“I think this partnership is defined by its optimism,” says Dr. Rick Moss, senior associate dean for research at the UW School of Medicine and Public Health. “Alzheimer’s disease is among our very top priorities at the University of Wisconsin. Collaborations across departments within the School of Medicine and Public Health and other colleges on campus, as well as with the DZNE, will bring us closer to ways to delay symptoms of the disease as we work toward an ultimate cure.”
The workshop started with delegates from the DZNE and the UW presenting research updates in dementia. During the rest of the visit, the group identified research questions that could be best answered by harnessing strengths from both centers. Investigators at the ADRC and DZNE expect to submit a joint grant proposal later this year, as well as lay the groundwork for a future multi-site clinical trial.
The two groups share several similarities that make them an ideal match for joint research efforts, including longitudinal studies that follow research volunteers over several years and even decades. The ADRC and the DZNE also collect much of the same data from their research participants, which means that the researchers will be able to study a larger number of participants by pooling across the two centers. They will be able to determine whether research findings that apply to people living Wisconsin also apply to people living in Germany.
“This is an important international partnership that will produce research that would be impossible with the efforts of just one center,” says Dr. Sanjay Asthana, associate dean for gerontology and director of the ADRC. “Research at the ADRC stretches from molecules to patients to community. This allows us to apply our research to people throughout Wisconsin and improve public health around the state. Our partnership with the DNZE allows us to take that impact international.”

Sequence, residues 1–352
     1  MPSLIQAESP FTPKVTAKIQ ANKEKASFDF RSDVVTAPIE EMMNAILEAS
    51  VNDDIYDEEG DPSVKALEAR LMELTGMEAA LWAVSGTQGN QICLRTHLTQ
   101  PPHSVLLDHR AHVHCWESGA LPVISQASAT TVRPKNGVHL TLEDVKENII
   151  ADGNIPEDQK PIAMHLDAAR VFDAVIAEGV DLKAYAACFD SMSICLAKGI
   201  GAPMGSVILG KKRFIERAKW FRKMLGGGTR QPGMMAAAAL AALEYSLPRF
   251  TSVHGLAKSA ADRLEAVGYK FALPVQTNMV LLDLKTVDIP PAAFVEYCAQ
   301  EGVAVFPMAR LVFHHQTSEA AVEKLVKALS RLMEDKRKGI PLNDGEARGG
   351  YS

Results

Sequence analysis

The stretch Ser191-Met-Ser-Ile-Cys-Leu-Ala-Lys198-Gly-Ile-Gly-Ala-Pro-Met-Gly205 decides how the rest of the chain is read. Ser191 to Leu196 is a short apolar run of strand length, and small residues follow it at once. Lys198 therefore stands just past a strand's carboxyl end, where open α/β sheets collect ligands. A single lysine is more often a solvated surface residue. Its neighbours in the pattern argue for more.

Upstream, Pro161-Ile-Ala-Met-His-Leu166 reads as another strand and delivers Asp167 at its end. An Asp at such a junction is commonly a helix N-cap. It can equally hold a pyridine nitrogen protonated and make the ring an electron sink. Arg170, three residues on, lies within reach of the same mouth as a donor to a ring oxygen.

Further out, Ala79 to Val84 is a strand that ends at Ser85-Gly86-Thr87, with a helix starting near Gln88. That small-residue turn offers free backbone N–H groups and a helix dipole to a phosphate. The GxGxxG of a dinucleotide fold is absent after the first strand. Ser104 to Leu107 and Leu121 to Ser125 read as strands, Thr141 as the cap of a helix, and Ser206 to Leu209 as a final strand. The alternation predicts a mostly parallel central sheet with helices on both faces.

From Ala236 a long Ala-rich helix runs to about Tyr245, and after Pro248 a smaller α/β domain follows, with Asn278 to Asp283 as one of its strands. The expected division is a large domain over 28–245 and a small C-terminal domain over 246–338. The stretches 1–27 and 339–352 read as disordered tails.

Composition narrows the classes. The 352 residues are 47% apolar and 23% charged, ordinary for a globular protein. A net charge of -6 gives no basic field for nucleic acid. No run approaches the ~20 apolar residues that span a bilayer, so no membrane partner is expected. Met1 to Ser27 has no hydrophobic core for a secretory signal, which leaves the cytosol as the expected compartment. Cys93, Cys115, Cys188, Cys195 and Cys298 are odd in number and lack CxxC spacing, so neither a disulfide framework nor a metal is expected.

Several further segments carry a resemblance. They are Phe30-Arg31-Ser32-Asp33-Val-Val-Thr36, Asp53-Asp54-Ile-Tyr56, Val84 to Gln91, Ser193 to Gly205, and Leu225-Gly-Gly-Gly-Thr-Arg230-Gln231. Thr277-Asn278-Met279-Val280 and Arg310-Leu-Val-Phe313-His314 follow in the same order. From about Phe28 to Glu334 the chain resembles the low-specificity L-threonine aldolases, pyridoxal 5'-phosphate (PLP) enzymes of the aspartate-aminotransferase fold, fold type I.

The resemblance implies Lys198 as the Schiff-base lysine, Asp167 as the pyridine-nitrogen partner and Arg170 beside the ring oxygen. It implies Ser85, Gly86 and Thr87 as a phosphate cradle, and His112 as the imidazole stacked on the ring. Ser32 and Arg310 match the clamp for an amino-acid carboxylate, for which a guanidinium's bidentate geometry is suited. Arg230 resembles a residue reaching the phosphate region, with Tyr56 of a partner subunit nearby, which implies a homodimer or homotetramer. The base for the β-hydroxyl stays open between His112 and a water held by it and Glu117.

The ADRC and DZNE share similar goals in their work to understand Alzheimer’s disease and how to prevent it. Both groups are interested in early detection and protection with an emphasis on identifying changes in the brain that happen decades before a person develops the tell-tale symptoms of Alzheimer’s disease, namely changes to memory and other thinking skills, as well as personality changes. The group that met in Madison was made up largely of brain imaging specialists from the ADRC and the DZNE.
“By using tools such as brain imaging to follow people over time, we expect to see how combined factors such as genetics or lifestyle factors affect the development of Alzheimer’s disease or perhaps even protect against it,” explains Sterling Johnson, PhD, associate director of the Wisconsin ADRC. “We can then use sophisticated tools developed by our partners in computer science to help us use this information to understand why some people are at greater risk for dementia due to Alzheimer’s disease, and even help us reduce the number of people we need to include in future clinical trials aimed at preventing or intervening in Alzheimer’s disease.”
This is the fourth face-to-face meeting between the ADRC and the DZNE. The researchers will meet again at the Alzheimer's Association International Conference taking place in London in June.